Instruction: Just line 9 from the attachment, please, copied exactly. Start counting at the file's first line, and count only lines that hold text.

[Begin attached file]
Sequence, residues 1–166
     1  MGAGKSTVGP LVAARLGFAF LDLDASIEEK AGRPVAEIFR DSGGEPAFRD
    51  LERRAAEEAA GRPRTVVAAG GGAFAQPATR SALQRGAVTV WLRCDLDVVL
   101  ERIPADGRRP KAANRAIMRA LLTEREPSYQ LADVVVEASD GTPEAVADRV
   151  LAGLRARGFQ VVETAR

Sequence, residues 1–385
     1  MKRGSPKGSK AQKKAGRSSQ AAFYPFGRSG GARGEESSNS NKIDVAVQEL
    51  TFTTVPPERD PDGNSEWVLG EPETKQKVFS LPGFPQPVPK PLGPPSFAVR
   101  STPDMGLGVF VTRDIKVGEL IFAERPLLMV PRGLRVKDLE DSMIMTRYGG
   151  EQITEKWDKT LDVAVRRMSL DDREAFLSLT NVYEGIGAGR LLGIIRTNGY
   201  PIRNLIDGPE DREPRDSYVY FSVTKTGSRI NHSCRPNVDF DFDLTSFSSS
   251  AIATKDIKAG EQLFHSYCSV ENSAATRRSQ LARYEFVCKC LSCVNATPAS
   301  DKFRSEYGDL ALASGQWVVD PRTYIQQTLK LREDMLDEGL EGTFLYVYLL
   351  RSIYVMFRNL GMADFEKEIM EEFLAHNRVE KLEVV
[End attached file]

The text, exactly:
   101  STPDMGLGVF VTRDIKVGEL IFAERPLLMV PRGLRVKDLE DSMIMTRYGG